So, when I wasn’t in school, I started working in a very different kind of kitchen, at the Student Prince, in Springfield. Known to its regulars as the Fort, it was an old-school German restaurant, whose owner, Rupprecht Scherff, had fled the Nazis. The dining room was a festive place, but the kitchen was almost Dickensian in its sordidness and gloom. Whereas Aurora’s employees were ambitious and obsessed with the art of food, no one at the Fort imagined that they were doing much more than punching a time card. Many of the waitstaff seemed to be on chemical mood enhancers. The Polish woman who chopped lettuce and placed it in bins the size of garbage cans wore gloves, because she had severe eczema. If working at Aurora was an apprenticeship in haute cuisine, working at the Fort was an education in injuries of class that are invisible from the dining room. In school, I’d been reading “The Jungle,” Upton Sinclair’s novel exposing exploitation in the meatpacking industry. Soon I understood Sinclair’s fury that readers had been more alarmed by the book’s food-hygiene implications than by its indictment of working conditions.
The kitchen was on two floors. I worked downstairs, in a basement that looked as if it hadn’t been cleaned since the place opened. In the morning, I pounded veal cutlets for schnitzel; in the afternoon, I put scraps of pork through an electric meat grinder for bratwurst. One day, the grinder blew up. Sparks flew, and my face was pelted with bits of ground pork and slicked with brine. The only other person downstairs was Walter, a man in his sixties who bore a passing resemblance to Elijah Muhammad. He had recently returned to the Fort from a long leave of absence after being convicted of stabbing a fellow-employee; Rupprecht hired him back as soon as he was out of prison. Walter didn’t talk much and had a way of chuckling to himself. I didn’t think much about him, until one day he grabbed my meat tenderizer and chased me through the basement. He cornered me, and I pleaded with him. He broke out laughing, as if my terror was the funniest thing he’d ever seen. After that, we got along beautifully.
In school, meanwhile, I was channelling my food obsession into writing. I contributed restaurant reviews to the school newspaper, closely mimicking the style of Gault and Millau. I was also writing about politics and culture: editorials denouncing Reagan’s support for the Nicaraguan Contras, essays on contemporary cinema. Reading “The Autobiography of Malcolm X” and Claude Brown’s Harlem memoir, “Manchild in the Promised Land,” I was discovering a New York very far from the exclusive restaurants I expected to make a career in—closer, in a way, to the basement at the Fort. New interests were taking hold of my imagination. I immersed myself in French literature, dressed all in black, and thought of myself as an existentialist, although I couldn’t have said what that meant. I looked forward to my adult life in New York, the only place in America where one could be an authentic existentialist.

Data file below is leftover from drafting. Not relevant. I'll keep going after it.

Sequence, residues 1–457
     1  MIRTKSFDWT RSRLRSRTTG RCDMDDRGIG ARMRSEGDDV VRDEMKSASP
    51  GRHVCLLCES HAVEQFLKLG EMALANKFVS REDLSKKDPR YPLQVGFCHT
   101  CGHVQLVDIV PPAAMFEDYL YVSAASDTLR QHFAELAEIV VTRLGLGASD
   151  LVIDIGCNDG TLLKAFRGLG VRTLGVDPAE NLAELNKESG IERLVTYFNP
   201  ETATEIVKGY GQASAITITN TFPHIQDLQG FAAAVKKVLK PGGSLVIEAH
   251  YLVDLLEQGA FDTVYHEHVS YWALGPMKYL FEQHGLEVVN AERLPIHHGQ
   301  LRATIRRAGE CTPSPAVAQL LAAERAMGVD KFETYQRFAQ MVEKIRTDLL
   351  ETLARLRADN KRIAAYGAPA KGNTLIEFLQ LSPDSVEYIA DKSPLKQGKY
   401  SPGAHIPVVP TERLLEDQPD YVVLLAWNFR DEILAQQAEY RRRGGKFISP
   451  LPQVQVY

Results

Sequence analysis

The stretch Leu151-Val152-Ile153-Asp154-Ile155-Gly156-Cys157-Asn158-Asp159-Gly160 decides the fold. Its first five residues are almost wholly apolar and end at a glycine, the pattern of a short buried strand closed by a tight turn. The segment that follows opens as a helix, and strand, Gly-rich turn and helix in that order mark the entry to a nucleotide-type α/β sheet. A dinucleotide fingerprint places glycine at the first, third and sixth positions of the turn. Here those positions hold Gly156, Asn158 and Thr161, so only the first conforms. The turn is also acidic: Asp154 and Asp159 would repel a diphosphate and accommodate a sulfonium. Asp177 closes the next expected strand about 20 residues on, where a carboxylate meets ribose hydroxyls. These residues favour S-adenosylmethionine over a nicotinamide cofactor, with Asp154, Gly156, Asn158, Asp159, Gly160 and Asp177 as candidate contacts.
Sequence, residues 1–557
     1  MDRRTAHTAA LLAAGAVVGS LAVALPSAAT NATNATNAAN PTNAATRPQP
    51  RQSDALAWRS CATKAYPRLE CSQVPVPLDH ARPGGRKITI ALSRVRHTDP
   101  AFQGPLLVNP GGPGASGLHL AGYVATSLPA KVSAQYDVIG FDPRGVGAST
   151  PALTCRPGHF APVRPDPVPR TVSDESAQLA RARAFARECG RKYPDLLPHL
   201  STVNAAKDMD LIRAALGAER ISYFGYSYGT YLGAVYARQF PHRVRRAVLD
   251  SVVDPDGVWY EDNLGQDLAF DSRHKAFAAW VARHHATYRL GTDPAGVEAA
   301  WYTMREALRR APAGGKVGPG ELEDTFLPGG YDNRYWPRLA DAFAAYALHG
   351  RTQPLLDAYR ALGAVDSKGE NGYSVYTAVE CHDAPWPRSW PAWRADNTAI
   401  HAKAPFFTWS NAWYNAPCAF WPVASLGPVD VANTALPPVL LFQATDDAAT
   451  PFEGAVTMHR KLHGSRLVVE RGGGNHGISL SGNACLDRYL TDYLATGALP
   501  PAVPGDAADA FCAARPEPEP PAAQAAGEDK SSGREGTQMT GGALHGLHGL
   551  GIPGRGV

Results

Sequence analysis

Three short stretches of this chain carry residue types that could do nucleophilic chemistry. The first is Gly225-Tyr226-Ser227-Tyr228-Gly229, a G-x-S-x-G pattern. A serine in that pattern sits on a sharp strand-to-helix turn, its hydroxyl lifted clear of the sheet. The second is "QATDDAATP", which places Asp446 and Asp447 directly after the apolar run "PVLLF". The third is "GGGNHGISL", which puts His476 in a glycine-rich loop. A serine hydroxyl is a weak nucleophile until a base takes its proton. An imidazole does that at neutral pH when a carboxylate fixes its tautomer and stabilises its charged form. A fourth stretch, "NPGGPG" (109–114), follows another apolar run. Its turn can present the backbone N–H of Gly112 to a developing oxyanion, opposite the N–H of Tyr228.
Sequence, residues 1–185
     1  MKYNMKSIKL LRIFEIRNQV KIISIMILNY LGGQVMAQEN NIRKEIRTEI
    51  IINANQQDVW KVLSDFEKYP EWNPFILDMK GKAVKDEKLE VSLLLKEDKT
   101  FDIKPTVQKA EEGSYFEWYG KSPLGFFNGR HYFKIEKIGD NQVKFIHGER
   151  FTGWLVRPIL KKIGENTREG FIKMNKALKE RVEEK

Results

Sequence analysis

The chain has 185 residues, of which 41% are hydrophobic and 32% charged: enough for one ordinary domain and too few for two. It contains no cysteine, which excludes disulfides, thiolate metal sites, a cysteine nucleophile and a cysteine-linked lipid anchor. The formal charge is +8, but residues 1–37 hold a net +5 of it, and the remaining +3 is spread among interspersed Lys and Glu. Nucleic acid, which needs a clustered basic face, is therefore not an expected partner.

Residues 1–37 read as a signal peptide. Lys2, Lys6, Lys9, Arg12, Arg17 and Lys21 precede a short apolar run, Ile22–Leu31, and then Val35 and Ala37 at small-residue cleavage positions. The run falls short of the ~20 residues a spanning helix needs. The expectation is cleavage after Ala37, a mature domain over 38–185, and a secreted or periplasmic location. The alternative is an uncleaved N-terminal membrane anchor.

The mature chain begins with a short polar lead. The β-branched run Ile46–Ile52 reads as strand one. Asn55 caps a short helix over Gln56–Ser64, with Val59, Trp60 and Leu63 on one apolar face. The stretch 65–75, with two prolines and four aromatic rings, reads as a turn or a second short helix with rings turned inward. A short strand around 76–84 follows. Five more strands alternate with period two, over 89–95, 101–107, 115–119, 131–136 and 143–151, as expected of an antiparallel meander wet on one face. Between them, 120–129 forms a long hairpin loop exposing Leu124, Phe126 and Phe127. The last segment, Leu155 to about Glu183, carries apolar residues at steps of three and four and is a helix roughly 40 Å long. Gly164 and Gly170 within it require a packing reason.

In the summer of 1988, taking the money I had made at the Fort, I set off for France, and stepped into a gleaming modern kitchen where more than a dozen young chefs—mostly French, but also a few Japanese—worked with utter absorption, fired up by the idea that they, too, would one day run an establishment like Lameloise. I spent hours at a time paring turnips, trimming haricots verts, and shaving potatoes for potato tartlets; occasionally, I was permitted to sauté pieces of duck foie gras, which were then nestled on top of mâche dressed in sherry vinaigrette.
I became very efficient at my tasks—the whole point of being a stagiaire—but the kitchen was monastically quiet, and I missed the banter of the cooks at Aurora, their pleasure in conversational combat, their improvisatory élan. If Pangaud’s kitchen was a jazz band of many voices, Lameloise’s was a symphony orchestra performing high-fidelity versions of the classic repertoire. Lameloise’s food was traditional Burgundian haute cuisine updated with nouvelle touches. I wondered what Alain Senderens would say, and was pretty sure that he would disapprove. One young chef, who had worked at L’Espérance, a three-star place an hour and a half’s drive away, glumly admitted that Lameloise was a letdown. Soon after, while we were in the middle of some task or other, I asked, “Is this how they do it at L’Espérance?,” imagining he’d appreciate my sarcasm. With sudden vehemence, he told me never to mention L’Espérance again. He left before the summer was over.